China-Russia “Limitless” Freindship
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Issue Net Edition | Date : 27 Apr , 2024

Alexander Gubaev on China-Russia Limitless Friendship

Alexander Gubaev, an expert on Russian affairs, not only termed the China -Russia  alliance “unholy” but he also cast doubt –‘Why the West Won’t Be Able to Drive a Wedge Between Russia and China’ ( April 2024). China and Russia are more firmly aligned now than at any time since the 1950s. The tightening of this alignment between Russia and China is one of the most important geopolitical outcomes of Putin’s war against Ukraine. The conscious efforts of Xi Jinping and Vladimir Putin drive much of this reorientation, but it is also the byproduct of the deepening schism between the West and both countries. Western officials cannot wish this axis away.  Instead, the West should be prepared for an extended period of simultaneous confrontation with two immense nuclear-armed powers.  In a joint statement issued on February 4, 2022, Putin and Xi described ties between their two countries as a “partnership without limits.” That phrase won a lot of attention in the West, especially after Putin invaded Ukraine just 20 days later.

History of China-Russia Partnership

Yet the deepening partnership was not born in February 2022. Following the bitter estrangement of the Sino-Soviet split that spanned the 1960s to the 1980s, China and Russia have become closer for several pragmatic reasons. Both sides wanted to make the territorial conflict between them a thing of the past, and by 2006, their 2,615-mile border had finally been fully delimited. Economic complementarity also drove them together.   And as Russia grew increasingly authoritarian with Putin in charge since 2000, Beijing and Moscow teamed up at the UN Security Council, using their power as permanent members to push back against many of the positions and norms advocated by Western countries, including the use of sanctions against authoritarian regimes and U.S.-led pressure campaigns in regional hot spots such as Syria. China and Russia have also long shared a distrust of the United States, seeing Washington as an ideology-driven global hegemon that wants to prevent Beijing and Moscow from taking their rightful places in leading the world order and, even worse, that aims to topple their regimes.

Russia-China growing freindship and Ukraine War

Russia and China’s growing closeness is one of the most important outcomes of the war in Ukraine.  Since Xi’s state visit to Russia in March 2023, Russian Prime Minister Mikhail Mishustin and senior members of his team have traveled to China several times.  Throughout 2023, many senior Russian officials and CEOs of the largest state-owned and private companies shuttled to and from China. Senior Chinese leaders—especially those from the military and security sectors—have also made trips to Russia. Russian Foreign Minister Sergei Lavrov visited Beijing for talks with his Chinese counterpart Wang Yi. It is notable that this traffic is mostly one-sided—senior Russian officials and business leaders are going to China much more frequently than their Chinese counterparts going the other way, a clear indication of Russia’s desperate need for China. The one exception is the military-security domain, where the visits of high-ranking officials have tended to be symmetrical and reciprocal.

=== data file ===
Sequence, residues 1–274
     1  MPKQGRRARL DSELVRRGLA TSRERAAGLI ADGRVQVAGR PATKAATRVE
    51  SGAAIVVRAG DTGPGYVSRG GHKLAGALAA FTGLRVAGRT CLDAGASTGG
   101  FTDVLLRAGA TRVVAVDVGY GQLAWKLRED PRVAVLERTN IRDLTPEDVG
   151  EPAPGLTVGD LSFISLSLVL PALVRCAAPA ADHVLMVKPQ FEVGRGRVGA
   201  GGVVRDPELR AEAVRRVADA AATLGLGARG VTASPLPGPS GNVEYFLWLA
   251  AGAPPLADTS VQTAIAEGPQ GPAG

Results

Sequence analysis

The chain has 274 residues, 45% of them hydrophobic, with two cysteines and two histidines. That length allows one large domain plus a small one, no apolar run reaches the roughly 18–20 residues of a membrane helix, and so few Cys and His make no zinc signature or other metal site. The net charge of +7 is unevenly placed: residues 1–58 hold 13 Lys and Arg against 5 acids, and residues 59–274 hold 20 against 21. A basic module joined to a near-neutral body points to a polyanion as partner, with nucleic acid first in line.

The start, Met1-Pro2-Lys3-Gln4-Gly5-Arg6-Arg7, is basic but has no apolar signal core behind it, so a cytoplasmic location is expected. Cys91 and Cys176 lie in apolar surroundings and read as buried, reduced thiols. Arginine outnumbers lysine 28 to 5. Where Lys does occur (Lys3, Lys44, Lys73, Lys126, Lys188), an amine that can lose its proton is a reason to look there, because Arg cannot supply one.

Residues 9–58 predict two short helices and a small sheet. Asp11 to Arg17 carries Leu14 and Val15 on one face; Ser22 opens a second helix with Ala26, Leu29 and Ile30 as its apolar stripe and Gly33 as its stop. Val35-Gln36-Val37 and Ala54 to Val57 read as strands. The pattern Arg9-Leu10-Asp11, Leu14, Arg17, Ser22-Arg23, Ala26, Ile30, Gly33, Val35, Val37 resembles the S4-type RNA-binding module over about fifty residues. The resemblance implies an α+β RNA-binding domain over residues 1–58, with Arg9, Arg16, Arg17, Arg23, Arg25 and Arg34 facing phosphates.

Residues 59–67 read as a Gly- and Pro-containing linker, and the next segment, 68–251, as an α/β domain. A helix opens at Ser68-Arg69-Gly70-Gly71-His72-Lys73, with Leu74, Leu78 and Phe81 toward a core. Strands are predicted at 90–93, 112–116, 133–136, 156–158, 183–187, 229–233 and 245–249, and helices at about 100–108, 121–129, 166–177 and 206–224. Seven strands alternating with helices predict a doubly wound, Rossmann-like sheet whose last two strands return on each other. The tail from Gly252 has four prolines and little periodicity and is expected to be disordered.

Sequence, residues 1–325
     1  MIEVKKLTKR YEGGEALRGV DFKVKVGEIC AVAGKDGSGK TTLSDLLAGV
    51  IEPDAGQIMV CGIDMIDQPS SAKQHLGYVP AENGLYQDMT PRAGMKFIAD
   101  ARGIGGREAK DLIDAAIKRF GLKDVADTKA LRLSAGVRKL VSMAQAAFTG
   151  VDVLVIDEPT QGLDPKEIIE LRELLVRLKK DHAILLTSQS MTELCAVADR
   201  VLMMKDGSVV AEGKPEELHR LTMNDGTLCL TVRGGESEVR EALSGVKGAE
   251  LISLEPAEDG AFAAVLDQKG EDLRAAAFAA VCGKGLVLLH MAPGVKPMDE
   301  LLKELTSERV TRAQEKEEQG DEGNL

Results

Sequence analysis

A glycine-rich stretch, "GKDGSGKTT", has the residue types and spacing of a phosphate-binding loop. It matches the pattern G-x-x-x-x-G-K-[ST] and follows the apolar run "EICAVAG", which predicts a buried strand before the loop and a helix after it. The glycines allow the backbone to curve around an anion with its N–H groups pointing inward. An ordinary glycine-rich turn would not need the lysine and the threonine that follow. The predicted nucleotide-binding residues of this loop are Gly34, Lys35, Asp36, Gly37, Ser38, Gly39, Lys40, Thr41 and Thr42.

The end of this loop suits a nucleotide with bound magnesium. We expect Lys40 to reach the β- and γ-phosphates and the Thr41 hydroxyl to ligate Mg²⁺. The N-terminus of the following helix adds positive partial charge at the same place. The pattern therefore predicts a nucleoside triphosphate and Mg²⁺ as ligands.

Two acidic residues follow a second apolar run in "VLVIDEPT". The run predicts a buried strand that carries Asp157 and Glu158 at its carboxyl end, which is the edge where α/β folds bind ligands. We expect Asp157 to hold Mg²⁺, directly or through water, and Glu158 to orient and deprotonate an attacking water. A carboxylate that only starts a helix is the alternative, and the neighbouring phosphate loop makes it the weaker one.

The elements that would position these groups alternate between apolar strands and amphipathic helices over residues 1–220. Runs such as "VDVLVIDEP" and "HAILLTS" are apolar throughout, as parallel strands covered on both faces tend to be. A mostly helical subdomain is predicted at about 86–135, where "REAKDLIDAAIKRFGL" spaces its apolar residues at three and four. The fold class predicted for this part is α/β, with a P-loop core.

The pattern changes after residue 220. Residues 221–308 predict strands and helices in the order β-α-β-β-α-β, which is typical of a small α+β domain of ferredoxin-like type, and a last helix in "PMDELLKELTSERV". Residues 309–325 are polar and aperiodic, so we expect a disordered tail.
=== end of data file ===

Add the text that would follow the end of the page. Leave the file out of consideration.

Independent opinion polls suggest Russians View China Positively

The overall warming of attitudes to China is reflected in opinion polls, too, including recent data produced by the joint efforts of the Carnegie Endowment and the Levada Center, the independent Russian polling organization. At the end of 2023, 85 percent of Russians viewed China positively, where as only six percent had a negative opinion of the country.

How Russia assesses relationship with Foreign Powers

The Kremlin now assesses every relationship with a foreign power through a lens of three essential considerations: whether this relationship can help Russia directly on the battlefield in Ukraine, whether it can help sustain the Russian economy and circumvent sanctions, and whether it can help Moscow push back against the West and punish the United States and its allies for supporting Kyiv. Russia’s relationship with China emphatically checks all three boxes. Beijing is not providing direct lethal aid to Moscow in Russian invasion of Ukraine but China’s indirect support for the Russian war effort is indispensable. On the economic front, Putin’s war chest relies heavily on revenue from Chinese purchases of Russian exports. The clearance of payments in the Chinese yuan keeps the Russian financial system afloat, and imports of cars, electronics, and other consumer goods keep shops well stocked and ordinary Russians quiet. More telling, however, is Russia’s decision to firmly align with China in its geopolitical contest with the United States.

Moscow and Beijing do not want formal Military Alliance